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    $\begingroup$ From the op's descriptions I'd say that is the intention indeed. But I wouldn't use intention to justify a bad terminology. Although laymen probably wouldn't notice the difference, I do believe it is up to math people to explain or describe math to them in a comprehensible manner without losing any mathematical rigor. $\endgroup$
    – trisct
    Commented Aug 7, 2019 at 13:01
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    $\begingroup$ Alternately, "Bring formulas to life by exploring how they can create unusual curved surfaces in three-dimensional space." $\endgroup$ Commented Aug 7, 2019 at 19:27
  • $\begingroup$ Even in the sense of this reference, these are ordinary $2$-dimensional surfaces (with $k=2$ and $n=3$). I'm leaning toward the opinion that specifying the dimension of the ambient space is totally unnecessary. In fact, many of the solutions to the equations in the exhibit have singularities and self-intersections, so talking about embeddings becomes more trouble than it's worth. $\endgroup$
    – j0equ1nn
    Commented Aug 7, 2019 at 20:12
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    $\begingroup$ Also, I think that in each of your situations, the "general public" comment is more likely to instead be "What is dimension?" rather than "cool." I'd prefer to guide them to thinking about solution sets than even get into all that! $\endgroup$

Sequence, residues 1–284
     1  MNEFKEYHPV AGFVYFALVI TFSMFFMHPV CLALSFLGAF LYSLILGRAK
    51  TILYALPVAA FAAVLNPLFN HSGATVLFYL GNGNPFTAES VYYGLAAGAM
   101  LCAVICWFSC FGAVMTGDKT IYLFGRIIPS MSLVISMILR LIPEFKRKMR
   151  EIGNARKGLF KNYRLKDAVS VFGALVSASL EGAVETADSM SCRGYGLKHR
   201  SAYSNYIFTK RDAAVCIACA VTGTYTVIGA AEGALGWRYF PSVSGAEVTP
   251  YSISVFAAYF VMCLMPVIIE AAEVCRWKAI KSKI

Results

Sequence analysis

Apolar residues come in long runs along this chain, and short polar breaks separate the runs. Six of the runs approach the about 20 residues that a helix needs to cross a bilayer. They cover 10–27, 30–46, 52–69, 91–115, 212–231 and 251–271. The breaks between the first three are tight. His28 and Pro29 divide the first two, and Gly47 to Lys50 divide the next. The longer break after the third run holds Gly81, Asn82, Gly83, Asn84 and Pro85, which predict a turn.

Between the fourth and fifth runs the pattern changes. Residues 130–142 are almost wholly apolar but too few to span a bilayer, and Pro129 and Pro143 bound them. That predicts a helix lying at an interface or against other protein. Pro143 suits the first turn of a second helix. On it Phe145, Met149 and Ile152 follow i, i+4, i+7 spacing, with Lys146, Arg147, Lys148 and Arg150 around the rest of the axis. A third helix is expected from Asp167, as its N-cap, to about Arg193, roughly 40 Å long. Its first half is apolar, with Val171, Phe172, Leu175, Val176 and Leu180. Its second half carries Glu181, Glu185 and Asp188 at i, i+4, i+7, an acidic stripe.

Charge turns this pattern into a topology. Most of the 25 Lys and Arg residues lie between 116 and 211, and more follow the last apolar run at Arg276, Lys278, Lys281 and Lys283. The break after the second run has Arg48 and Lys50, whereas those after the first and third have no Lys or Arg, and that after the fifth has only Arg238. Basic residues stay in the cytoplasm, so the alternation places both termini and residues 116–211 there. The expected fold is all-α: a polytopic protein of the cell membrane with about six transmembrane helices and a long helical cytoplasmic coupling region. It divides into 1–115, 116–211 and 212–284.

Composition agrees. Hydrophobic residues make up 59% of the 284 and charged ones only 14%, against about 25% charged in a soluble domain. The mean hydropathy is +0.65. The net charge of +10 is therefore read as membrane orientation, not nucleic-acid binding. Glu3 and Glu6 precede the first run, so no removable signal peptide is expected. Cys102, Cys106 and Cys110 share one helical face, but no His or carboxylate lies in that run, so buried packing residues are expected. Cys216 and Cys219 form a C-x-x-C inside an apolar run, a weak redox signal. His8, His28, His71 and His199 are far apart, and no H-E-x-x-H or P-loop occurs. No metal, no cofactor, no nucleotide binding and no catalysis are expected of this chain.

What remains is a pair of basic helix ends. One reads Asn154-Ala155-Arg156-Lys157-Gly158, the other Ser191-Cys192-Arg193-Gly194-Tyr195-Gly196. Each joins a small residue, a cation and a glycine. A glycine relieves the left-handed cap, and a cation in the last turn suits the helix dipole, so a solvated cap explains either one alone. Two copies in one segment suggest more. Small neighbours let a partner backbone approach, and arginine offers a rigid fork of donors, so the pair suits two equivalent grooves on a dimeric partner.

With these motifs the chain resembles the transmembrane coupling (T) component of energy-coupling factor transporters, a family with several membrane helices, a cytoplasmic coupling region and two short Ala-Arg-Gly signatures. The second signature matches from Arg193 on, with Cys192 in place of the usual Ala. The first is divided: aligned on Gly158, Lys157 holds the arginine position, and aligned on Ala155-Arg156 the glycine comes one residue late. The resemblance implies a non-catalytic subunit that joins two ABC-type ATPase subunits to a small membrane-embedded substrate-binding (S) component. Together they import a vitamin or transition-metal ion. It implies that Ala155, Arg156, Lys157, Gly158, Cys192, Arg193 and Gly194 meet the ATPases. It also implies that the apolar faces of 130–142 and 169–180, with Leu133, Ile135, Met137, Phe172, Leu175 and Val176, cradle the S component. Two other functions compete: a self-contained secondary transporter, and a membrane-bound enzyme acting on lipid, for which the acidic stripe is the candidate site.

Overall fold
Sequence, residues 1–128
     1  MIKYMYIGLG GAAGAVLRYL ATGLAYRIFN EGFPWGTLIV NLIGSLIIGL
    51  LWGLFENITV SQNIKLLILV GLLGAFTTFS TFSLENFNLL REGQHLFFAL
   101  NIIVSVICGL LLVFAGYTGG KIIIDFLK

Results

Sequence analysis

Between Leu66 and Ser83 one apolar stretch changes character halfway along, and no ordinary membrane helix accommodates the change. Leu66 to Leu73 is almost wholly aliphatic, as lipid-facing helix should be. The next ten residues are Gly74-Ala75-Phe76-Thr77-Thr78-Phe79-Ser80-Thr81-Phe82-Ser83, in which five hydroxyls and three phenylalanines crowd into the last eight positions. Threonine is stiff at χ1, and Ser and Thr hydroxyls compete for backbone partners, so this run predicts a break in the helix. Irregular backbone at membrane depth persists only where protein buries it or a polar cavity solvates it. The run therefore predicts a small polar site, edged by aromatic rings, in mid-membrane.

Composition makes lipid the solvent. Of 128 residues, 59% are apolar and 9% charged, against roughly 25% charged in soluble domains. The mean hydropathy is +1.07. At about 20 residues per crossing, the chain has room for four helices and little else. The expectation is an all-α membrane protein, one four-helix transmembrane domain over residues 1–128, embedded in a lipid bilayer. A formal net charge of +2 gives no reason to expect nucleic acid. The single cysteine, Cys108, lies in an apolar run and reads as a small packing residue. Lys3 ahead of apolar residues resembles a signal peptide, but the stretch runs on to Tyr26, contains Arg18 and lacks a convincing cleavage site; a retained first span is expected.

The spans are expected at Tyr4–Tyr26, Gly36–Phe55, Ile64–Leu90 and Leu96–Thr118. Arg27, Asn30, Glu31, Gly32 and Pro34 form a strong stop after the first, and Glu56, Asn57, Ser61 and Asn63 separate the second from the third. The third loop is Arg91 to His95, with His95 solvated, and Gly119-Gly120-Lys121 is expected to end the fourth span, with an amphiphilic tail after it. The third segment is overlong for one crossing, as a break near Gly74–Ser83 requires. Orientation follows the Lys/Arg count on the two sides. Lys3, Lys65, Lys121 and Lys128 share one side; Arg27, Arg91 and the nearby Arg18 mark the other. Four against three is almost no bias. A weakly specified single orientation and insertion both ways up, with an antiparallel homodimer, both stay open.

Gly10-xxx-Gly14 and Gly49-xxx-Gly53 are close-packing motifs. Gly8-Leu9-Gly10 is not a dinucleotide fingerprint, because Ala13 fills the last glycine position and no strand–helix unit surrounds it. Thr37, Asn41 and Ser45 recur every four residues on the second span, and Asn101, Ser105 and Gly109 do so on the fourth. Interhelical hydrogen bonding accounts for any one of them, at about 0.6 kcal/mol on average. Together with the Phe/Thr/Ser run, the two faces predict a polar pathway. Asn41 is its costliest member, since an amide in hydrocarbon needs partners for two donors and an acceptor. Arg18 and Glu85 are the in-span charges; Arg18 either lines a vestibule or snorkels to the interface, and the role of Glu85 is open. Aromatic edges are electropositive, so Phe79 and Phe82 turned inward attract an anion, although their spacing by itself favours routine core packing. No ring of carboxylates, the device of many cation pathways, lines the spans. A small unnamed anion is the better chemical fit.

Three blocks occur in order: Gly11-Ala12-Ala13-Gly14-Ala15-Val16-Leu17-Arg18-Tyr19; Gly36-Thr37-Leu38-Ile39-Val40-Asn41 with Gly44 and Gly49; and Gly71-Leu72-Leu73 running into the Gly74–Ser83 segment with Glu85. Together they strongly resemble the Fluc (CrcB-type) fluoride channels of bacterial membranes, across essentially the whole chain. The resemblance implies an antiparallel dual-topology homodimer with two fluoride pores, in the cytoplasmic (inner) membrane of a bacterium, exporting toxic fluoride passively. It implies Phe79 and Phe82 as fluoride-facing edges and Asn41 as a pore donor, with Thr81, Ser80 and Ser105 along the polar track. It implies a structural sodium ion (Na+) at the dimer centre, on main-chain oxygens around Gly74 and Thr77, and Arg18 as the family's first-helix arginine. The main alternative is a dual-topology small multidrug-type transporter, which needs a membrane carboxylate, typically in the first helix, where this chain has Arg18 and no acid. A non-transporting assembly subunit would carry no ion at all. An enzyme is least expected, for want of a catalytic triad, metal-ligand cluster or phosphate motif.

– j0equ1nn
    Commented Aug 7, 2019 at 20:19

Although as a mathematician I would never use that terminology, your target audience is probably non-mathematicians. Non-mathematicians do understand "three-dimensional surface" better than "embedding of a surface in three dimensions". I think I would leave the text as it is, except replace "multiple number of" by "many".

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    $\begingroup$ It's true the vast majority of the target audience is non-mathematicians. A lot of them are kids that love math though, who get their first impressions from the museum. I wonder, in cases like this, whether we should challenge/expand their current understanding. I'm leaning toward taking out the phrase "3-dimensional" (and yeah, putting "many" instead of "multiple number"). $\endgroup$
    – j0equ1nn
    Commented Aug 7, 2019 at 1:16